Roche boss who says bitter pill of truth is only way to build trust  

Severin Schwan talks a lot about trust. Trust in people you live with, socialise with, work with. And trust is not won by being nice, says the chief executive of Roche, one of the world’s biggest pharmaceutical companies. 

“There are many components to building trust,” he tells the Financial Times. “One is that you are honest . . . That means sometimes you don’t make friends and . . . sometimes it’s uncomfortable. It’s difficult to tell the truth and to receive the truth.”

This week Mr Schwan delivered an uncomfortable truth to the UK government, saying it lagged behind other countries in dealing with the coronavirus crisis because it had not invested enough in healthcare and testing.

Speaking from lockdown in Switzerland, Mr Schwan is not apologetic. “I am not saying [the decision not to invest] is right or wrong,” he says. “But don’t wonder [when] a crisis like this comes and you don’t have the infrastructure that you are in a more difficult situation.”

Silver haired, but still youthful-looking for his 52 years, Mr Schwan has found himself at the centre of industry efforts to battle the crisis. As one of the world’s leading diagnostics companies, Switzerland-based Roche aims to launch a Covid antibody test next month, while Actemra, an arthritis drug, is also being trialled as a possible treatment. 

Amid the global attention, the Roche boss has taken the opportunity to speak his mind, even if it prompts what he calls “a shitstorm”. That was not always the Roche approach, according to one person who knows the company well. “Roche used to be so secretive that you could not get anything from them,” the person says. “But now they are doing things they wouldn’t have done before. There has been a wind of change.”

It took time for the winds to shift after Mr Schwan’s appointment as chief executive in 2008 — a surprise nomination given his age, at 40, and background. 

With a degree in economics and a doctorate in law, he joined Roche in 1993 as a graduate trainee in the corporate finance team. Mr Schwan worked his way quickly up the ranks, including a stint in Asia, until he became head of Roche’s diagnostics division in 2006. From there he was chosen over the group’s pharmaceuticals boss to take charge. 

He was put to the test within a year, when Roche came under attack from some researchers over withholding trial data on its antiviral drug Tamiflu, which had been stockpiled by governments preparing for the swine flu pandemic. The debate spiralled into a public and political controversy as Roche resisted releasing the data.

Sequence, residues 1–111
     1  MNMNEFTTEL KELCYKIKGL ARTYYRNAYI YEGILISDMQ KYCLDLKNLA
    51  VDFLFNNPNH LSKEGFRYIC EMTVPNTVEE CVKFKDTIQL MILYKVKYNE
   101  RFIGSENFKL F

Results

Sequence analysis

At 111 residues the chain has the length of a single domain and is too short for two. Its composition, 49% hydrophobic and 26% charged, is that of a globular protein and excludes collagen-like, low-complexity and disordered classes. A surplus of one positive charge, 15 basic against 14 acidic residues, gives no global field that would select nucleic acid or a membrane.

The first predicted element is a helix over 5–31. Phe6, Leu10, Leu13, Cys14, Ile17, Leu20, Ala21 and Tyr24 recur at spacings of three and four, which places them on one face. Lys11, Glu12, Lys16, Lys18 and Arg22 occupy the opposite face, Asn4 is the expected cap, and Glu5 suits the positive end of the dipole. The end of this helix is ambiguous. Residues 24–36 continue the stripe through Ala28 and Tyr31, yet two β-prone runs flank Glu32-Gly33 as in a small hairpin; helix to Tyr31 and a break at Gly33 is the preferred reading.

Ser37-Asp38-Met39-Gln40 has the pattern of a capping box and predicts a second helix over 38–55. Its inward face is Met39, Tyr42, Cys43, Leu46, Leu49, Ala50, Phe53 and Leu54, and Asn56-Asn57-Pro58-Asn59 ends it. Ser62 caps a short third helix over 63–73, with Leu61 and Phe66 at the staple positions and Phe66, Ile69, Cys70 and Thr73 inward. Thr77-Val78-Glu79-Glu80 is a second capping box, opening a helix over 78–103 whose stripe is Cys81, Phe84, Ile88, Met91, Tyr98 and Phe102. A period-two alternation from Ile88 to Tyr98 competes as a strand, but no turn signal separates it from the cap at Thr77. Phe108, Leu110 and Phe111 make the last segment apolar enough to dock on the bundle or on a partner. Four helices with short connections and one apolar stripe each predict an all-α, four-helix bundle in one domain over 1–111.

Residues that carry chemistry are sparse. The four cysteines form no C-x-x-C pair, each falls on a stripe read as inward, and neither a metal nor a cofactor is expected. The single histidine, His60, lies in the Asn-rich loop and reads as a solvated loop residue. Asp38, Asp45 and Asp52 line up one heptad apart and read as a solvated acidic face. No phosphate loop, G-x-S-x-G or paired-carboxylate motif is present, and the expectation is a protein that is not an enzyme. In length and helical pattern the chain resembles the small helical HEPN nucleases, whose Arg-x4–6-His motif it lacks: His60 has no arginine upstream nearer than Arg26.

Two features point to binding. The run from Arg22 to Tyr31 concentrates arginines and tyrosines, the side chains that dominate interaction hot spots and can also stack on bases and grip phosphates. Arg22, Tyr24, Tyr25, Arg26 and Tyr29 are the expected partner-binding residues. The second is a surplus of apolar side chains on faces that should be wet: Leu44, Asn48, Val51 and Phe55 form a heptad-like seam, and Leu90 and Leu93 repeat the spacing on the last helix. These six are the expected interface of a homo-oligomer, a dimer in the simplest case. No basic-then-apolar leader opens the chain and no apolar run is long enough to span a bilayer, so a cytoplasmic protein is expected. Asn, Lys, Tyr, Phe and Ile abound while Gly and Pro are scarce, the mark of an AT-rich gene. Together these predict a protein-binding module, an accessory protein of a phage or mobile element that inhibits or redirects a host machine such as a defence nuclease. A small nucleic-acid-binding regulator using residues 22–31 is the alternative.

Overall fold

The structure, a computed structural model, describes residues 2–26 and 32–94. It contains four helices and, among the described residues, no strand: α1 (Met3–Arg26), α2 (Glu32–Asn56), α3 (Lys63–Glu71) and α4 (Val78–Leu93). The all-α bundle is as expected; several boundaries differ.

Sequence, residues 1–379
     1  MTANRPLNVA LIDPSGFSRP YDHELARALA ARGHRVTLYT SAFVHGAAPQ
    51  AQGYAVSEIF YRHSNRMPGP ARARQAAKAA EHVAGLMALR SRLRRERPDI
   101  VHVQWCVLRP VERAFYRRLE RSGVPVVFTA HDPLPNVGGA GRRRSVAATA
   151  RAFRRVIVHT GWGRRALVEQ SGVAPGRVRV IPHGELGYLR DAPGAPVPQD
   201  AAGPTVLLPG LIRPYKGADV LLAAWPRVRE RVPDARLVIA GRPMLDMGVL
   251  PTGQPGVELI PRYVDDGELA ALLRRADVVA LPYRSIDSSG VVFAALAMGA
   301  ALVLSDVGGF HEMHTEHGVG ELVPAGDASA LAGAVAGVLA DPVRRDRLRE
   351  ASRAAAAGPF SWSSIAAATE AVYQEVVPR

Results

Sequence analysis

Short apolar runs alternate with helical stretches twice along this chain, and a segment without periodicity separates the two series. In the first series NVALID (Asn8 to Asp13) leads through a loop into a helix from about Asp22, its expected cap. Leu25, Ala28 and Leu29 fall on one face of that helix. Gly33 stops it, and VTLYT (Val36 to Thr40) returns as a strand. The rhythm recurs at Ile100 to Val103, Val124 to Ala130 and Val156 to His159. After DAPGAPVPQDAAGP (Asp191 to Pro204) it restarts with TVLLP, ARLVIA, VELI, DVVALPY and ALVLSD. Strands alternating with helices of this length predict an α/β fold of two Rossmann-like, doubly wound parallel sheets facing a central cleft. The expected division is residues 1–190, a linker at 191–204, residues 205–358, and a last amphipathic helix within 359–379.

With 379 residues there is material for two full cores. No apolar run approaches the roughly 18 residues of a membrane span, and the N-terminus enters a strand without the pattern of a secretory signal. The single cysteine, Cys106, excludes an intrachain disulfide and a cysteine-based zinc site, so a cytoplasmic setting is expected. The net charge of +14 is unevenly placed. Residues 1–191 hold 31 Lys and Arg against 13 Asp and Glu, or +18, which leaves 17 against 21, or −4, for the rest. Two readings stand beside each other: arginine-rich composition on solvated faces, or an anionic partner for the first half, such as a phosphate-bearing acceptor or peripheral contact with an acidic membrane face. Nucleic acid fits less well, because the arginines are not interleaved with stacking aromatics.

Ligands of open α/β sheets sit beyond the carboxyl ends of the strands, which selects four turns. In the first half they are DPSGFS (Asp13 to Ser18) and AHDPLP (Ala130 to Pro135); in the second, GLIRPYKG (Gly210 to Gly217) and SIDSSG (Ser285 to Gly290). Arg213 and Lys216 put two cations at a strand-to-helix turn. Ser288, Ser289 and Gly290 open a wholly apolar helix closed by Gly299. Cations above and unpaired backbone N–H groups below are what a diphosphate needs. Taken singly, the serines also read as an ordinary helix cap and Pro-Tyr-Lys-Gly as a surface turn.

Roche “did not do themselves any favours”, says another industry veteran. “They did not communicate right.”

Mr Schwan admits he could have approached the critics “in a different way, perhaps more proactively”. But he remains adamant that “we were on the right side”. 

The patent has expired on Tamiflu, but its value as an efficacious flu treatment continues to be validated by regulators, he says. To question their findings would threaten lives, he insists, even as the world approaches a new flu season that could be made worse by coronavirus.

For outsiders that debate was a watershed. “Since then they have become much more open to sharing data and in communications,” the industry veteran says. 

Mr Schwan has also developed a reputation for being a solid helmsman, taking revenues from SFr45.6bn in 2008 to SFr61.5bn ($63bn) last year. 

In its most recent results, Roche successfully offset the expiry of patents on blockbuster drugs with new treatments for multiple sclerosis and cancer. It has arguably “the most exciting pipeline in pharma”, according to analysts at Jefferies investment bank, and is also building a business in gene therapy. 

“Roche is successfully crossing its patent cliff. That’s rather unexpected,” says one pharmaceuticals analyst. 

Despite his SFr11m pay packet last year, Mr Schwan remains “a very down-to-earth person” — a product of a Roche culture that abhors flashy wealth, says another pharma veteran. He is “lecturey but not arrogant”.

The Roche boss, Austrian by birth, is now a fully fledged member of the Swiss elite. As the lead independent director at Credit Suisse, he helped to steer the bank through the recent crisis which set the board against former chief executive Tidjane Thiam.

“He’s very methodical. No bullshit,” says a senior Swiss financier. “With Tidjane, he kept quiet for a long time. And then at a certain point, he thought ‘enough is enough’ and he acted.”

He is not without his critics however. “He can be simplistic and naive,” says a former colleague. “At Credit Suisse, his big obsession was purpose, not banking.”

The pharma analyst suggests that despite the success of new drugs, “there has not been much transformation at Roche since the acquisition of [biotech group] Genentech”, in 2009. The company is still benefiting from Genentech’s oncology expertise. 

Mr Schwan agrees that he has profited from decisions made by predecessors. But planning for the very long term is one of the benefits of having the founding Hoffman-Oeri families pooled into a single 45 per cent shareholder, he says. 

Mr Schwan is now looking to develop a business focused on personalised healthcare, bringing together digital technologies with the core pharmaceuticals and diagnostics businesses.

That is a longer-term objective, but he says that after 12 years at the helm, he has built the trust with investors and staff to try. “I would be so glad if I am long retired and my successor tells you that back in 2020 they were one of the first companies to figure out how to bring pharmaceutical, diagnostic and digital insights together. That would be a big satisfaction.”

Additional reporting by Patrick Jenkins and Stephen Morris in London

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